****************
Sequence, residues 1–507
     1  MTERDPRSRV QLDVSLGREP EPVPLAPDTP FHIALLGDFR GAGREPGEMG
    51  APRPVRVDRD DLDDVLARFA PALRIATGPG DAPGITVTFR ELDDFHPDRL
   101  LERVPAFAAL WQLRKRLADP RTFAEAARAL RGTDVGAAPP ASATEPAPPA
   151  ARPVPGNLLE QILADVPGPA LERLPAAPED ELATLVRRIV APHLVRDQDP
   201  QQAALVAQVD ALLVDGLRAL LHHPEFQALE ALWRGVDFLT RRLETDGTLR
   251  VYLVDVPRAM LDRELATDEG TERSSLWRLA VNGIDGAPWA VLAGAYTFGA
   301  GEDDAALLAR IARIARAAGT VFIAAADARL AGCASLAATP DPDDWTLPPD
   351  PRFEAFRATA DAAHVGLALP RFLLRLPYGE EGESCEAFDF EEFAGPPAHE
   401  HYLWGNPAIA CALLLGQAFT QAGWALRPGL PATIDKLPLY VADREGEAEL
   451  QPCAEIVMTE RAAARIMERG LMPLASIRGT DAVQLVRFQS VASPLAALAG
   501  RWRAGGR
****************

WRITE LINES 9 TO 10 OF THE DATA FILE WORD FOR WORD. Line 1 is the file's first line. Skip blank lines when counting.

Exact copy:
   351  PRFEAFRATA DAAHVGLALP RFLLRLPYGE EGESCEAFDF EEFAGPPAHE
   401  HYLWGNPAIA CALLLGQAFT QAGWALRPGL PATIDKLPLY VADREGEAEL